Growing power types of gardens like mine use waste, cut grass, coffee grinds, discarded vegetables, leaves and other ‘waste’ to build fertile soil. Nature can turn waste into something fruitful and productive. This is a nice thought especially on days when you feel you wasted. Waste with time makes healthy ground.


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Cycles Come and Go - Saturday, August 16, 2014


Cycle of Life - India

We received condolences upon the death of Father Brennan S.J. from two friends, far apart but one in spirit with Father Brennan and the works of justice and peace. One was from a friend in Kabul, Afghanistan who is working with a group of young peacemakers, trying to bring some peace and order to dreadful and long war. The other was a friend with a peace delegation to Uruguay. This friend was the woman/priest who said Mass with Father Brennan at SOAWatch that got this old priest, 94 at death, into trouble.

Looking at these friends struggling for justice and peace, I see something in common, our ages. Looking behind us to the next generation I see many good people but not many consumed, in a good way, in the struggle for peace and justice. Looking further behind I see a generation where creative conflict is not a good thing and a generation more individualistically centered. Someone reminded me today that life cycles and what might be important today. That is probably true but when you are at one end of a cycle it is hard to see the other end. When you get older it is even harder to see the other end of the cycle.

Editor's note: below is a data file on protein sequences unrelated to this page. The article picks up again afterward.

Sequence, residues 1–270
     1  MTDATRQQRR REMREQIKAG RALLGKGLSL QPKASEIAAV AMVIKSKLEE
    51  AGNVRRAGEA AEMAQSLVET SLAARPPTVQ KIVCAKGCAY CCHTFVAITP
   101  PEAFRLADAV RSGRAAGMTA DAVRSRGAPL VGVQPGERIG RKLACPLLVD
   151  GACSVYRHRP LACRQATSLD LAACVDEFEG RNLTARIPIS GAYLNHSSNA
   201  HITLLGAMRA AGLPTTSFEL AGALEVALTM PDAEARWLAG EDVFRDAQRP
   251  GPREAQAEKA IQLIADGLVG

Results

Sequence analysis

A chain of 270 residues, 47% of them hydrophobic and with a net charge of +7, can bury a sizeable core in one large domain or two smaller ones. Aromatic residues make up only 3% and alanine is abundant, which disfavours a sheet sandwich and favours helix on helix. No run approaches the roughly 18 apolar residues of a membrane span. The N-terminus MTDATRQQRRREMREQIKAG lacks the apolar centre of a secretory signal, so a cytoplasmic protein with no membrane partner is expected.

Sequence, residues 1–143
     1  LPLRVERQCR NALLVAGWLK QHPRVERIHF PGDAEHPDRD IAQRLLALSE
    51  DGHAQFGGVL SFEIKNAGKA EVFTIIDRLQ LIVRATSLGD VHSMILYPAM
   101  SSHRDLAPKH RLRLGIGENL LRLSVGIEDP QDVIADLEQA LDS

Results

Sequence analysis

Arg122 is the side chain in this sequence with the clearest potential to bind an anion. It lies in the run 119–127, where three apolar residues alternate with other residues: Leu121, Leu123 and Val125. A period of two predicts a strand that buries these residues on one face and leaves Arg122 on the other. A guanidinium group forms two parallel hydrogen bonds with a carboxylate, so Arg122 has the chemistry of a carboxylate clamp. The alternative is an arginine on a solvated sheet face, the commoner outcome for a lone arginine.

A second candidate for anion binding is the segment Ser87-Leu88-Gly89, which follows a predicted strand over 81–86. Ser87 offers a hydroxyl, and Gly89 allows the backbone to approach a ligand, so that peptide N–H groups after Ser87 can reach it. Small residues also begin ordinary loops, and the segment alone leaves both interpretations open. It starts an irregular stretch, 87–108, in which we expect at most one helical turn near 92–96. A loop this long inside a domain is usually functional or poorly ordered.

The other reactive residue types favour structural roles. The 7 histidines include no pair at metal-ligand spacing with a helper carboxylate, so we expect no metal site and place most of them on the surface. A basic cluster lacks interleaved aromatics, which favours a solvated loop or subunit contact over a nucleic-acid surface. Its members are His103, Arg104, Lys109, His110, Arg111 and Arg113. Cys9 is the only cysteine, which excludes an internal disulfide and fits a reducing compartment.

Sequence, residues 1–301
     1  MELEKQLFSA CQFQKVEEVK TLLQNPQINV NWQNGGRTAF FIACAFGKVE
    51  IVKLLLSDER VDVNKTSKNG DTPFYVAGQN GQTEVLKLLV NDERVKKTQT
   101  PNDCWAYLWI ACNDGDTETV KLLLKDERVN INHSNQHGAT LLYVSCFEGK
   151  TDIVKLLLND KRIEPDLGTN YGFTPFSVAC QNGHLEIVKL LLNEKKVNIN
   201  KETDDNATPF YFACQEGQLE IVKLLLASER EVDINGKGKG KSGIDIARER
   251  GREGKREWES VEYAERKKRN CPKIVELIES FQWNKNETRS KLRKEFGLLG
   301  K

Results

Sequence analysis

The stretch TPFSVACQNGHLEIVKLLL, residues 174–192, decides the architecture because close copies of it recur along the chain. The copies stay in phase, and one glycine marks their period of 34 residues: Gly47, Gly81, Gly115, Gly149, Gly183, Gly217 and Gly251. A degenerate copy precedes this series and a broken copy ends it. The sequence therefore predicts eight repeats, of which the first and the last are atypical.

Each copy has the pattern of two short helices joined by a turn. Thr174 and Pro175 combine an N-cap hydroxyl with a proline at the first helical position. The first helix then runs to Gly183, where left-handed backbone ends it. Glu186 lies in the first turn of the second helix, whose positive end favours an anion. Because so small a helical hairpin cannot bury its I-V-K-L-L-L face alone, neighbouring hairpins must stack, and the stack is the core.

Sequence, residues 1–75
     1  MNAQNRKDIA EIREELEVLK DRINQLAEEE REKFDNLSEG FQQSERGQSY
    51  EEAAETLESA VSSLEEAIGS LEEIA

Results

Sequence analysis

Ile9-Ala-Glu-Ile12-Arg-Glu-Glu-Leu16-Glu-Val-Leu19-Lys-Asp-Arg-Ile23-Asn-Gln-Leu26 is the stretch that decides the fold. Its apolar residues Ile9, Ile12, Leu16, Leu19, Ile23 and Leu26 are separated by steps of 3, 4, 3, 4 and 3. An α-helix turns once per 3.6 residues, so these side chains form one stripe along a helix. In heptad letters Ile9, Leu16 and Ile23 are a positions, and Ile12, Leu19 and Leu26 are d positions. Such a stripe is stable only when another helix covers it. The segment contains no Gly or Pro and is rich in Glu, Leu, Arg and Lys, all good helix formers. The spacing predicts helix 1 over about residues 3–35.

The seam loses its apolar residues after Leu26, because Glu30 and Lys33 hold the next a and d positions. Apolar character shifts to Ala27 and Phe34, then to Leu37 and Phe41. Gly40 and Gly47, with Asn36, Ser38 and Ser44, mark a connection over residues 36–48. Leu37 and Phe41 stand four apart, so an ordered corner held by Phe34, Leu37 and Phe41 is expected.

Maybe the point is to live fully be it in Kabul, Uruguay or Milwaukee. Allow the cycles to come and go but stay in the present.


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Fish and Cucumbers - Thursday, August 14, 2014